At this point, absolutely no one expects the leaders of Wall Street to behave responsibly with money that is entrusted to them. For years now, they have demonstrated an almost unbelieveable lack of awareness of the crisis developing in their industry. Or, maybe it’s not a lack of awareness so much as a lack of concern, a lack of ability to change course, or a sense of responsibility. In any case, these are clearly people who suffer from catastrophic incompetence, a catastrophic lack of ethics, or both.
The safe bet is that these people will do the worst possible thing with any further money that is entrusted to them. In the current economic environment of danger and uncertainty, our current Wall Street leaders will each pursue their own, individual, best strategy for profit maximization. That strategy is to pull back, suspend business, shift your wealth to something safe like T-bills, and let other people undertake the risk of lending while you try to ride out the storm. If they all behave in this way, the economy will completely shut down, as it is doing even now. But since pulling back is the safest strategy for each of them, as individuals, we know that is what they will do as a group. We know it because they have already demonstrated that they will march right off the cliff as a group in the pursuit of their individual, short-run profits. So we can be certain that any money that we give these guys will not be used to resume normal business lending, which is what the economy desperately needs right now.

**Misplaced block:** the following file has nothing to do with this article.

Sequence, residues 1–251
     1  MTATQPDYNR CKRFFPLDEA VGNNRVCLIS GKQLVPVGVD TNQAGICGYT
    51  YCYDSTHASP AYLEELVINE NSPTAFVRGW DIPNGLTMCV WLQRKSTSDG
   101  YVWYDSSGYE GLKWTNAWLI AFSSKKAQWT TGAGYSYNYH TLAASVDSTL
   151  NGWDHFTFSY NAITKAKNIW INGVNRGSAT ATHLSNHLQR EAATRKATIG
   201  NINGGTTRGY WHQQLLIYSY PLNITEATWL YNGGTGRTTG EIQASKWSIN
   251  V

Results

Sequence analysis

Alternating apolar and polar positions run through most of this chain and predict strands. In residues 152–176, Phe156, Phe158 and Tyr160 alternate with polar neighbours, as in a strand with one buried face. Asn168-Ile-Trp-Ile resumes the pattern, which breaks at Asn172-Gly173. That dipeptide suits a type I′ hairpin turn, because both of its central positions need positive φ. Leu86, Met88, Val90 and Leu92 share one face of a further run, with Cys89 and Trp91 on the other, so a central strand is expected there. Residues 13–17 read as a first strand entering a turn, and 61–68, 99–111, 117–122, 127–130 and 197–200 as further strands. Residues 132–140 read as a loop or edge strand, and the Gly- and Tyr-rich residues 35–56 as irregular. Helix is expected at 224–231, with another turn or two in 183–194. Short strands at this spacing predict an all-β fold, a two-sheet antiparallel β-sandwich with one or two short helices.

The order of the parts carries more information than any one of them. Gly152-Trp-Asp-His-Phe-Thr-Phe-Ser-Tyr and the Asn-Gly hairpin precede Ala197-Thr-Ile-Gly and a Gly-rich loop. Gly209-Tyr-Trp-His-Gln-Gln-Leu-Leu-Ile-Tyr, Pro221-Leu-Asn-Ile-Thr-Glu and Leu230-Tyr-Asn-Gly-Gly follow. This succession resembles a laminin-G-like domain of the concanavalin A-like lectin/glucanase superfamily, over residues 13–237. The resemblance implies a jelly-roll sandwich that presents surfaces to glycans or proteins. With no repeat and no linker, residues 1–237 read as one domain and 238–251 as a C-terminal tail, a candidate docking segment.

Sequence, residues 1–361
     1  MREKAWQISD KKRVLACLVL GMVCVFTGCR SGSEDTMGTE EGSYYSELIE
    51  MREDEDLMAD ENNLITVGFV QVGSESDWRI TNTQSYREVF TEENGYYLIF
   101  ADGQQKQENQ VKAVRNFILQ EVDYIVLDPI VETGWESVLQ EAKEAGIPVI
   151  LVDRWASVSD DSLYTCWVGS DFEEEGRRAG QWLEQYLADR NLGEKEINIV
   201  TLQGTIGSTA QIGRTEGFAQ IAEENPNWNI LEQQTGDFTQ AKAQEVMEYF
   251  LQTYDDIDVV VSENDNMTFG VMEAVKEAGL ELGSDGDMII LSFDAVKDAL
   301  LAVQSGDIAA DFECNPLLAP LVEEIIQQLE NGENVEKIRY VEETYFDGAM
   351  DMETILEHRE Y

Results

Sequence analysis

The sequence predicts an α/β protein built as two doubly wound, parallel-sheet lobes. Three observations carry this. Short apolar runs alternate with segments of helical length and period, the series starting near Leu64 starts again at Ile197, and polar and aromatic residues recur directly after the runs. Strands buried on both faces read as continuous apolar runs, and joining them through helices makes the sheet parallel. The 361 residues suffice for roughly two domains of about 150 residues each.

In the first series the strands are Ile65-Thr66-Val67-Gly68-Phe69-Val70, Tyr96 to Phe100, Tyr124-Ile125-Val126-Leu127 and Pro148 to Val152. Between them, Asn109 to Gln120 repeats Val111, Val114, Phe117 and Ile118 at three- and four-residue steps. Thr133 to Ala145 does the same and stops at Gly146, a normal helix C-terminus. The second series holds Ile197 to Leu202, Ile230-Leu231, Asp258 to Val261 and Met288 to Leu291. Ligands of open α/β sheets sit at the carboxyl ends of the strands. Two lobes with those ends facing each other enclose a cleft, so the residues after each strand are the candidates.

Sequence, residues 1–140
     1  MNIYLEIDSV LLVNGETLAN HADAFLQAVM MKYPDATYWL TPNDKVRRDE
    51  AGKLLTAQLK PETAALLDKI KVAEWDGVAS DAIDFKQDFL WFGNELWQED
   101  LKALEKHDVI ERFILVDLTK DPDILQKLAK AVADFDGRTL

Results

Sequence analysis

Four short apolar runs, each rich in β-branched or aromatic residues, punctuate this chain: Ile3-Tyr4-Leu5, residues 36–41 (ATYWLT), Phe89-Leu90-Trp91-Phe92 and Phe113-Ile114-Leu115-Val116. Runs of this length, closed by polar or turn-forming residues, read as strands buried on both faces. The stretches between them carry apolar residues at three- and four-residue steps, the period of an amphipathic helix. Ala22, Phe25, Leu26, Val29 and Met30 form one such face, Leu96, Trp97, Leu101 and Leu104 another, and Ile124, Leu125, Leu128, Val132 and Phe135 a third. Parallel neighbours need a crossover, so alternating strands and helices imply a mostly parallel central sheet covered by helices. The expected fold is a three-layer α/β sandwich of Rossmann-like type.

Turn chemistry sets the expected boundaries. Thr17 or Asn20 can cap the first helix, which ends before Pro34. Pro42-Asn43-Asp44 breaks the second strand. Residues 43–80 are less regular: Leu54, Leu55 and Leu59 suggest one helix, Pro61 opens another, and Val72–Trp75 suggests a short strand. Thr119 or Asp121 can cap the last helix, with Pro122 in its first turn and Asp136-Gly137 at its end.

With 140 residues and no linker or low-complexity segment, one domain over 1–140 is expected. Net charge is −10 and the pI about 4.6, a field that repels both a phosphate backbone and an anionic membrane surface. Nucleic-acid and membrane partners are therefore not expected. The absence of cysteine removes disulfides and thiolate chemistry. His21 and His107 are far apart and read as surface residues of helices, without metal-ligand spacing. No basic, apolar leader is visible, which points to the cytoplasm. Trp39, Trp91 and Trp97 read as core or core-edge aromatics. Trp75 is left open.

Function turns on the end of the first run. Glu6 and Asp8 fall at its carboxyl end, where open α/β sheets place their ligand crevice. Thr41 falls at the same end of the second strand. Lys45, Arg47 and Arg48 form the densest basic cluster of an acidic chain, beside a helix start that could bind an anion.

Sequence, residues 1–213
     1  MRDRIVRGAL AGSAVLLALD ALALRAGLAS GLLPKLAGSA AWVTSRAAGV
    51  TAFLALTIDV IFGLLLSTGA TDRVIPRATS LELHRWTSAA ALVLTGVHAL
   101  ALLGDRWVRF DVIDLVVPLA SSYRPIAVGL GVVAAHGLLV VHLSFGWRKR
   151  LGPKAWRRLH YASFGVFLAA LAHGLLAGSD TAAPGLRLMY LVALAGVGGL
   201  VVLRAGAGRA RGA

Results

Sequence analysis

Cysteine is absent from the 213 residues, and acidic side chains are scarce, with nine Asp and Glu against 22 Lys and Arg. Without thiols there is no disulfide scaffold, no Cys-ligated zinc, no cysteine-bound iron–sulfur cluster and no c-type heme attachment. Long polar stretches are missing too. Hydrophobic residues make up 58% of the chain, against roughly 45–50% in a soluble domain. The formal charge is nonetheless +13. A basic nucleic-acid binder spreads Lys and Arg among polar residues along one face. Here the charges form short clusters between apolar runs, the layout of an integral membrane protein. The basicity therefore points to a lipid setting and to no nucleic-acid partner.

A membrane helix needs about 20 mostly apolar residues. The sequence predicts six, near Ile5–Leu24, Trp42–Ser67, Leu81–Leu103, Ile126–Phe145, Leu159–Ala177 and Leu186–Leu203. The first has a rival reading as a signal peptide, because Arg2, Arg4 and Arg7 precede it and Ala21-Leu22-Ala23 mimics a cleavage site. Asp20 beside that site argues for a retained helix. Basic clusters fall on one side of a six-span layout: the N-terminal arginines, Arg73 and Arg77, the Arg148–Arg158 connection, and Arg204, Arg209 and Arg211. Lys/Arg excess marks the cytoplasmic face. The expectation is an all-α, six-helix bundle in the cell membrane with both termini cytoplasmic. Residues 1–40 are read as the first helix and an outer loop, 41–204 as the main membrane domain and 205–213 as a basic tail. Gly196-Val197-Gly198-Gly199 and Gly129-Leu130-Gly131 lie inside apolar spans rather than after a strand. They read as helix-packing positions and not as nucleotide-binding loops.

And when I say that “we”, I mean that everyone in the US economy knows that these people are not to be trusted. The money we pump into the financial industry will not reassure the public unless the public knows that it’s not going into the hands of the same corrupt incompetents who got us into this mess. No one has any faith that these fools can lead us out of the current collapse. Lots of people argue that handing money over to these guys is immoral, but what’s worse is the real sense that bailing them out is useless. That belief that the bailout is useless is a critical factor right now, because it leaves the public uncertain as to how and if the crisis can be resolved. And the economic decline has started to accelerate due to people cutting back in reaction to the sheer uncertainty of the situation.